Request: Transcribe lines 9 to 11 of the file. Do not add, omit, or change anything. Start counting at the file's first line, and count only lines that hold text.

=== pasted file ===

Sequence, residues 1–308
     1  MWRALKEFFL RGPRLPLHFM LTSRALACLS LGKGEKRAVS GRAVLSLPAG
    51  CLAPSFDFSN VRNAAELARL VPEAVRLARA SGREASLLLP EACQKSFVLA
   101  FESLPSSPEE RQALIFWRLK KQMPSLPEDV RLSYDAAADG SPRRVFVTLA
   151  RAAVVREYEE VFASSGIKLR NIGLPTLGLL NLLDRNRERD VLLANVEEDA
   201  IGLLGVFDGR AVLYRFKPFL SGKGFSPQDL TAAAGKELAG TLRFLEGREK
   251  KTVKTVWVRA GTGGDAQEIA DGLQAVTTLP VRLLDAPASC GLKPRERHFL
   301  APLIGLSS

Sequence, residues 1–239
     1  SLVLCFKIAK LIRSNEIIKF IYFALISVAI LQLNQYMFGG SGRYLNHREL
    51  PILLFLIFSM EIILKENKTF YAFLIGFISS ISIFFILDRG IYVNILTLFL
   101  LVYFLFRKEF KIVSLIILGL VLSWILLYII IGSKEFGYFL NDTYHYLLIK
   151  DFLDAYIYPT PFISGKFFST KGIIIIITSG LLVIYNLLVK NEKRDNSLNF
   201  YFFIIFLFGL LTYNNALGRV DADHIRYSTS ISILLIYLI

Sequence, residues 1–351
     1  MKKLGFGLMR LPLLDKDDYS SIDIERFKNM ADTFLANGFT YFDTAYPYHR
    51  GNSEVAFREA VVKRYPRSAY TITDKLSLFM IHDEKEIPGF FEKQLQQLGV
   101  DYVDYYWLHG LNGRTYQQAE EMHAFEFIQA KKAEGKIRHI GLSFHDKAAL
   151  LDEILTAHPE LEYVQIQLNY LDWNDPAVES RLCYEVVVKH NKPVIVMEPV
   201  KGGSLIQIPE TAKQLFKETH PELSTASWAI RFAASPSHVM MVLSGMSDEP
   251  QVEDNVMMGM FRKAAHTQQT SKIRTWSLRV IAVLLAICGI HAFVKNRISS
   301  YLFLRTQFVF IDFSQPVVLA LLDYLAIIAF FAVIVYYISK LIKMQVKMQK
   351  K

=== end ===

Sequence, residues 1–239
     1  SLVLCFKIAK LIRSNEIIKF IYFALISVAI LQLNQYMFGG SGRYLNHREL
    51  PILLFLIFSM EIILKENKTF YAFLIGFISS ISIFFILDRG IYVNILTLFL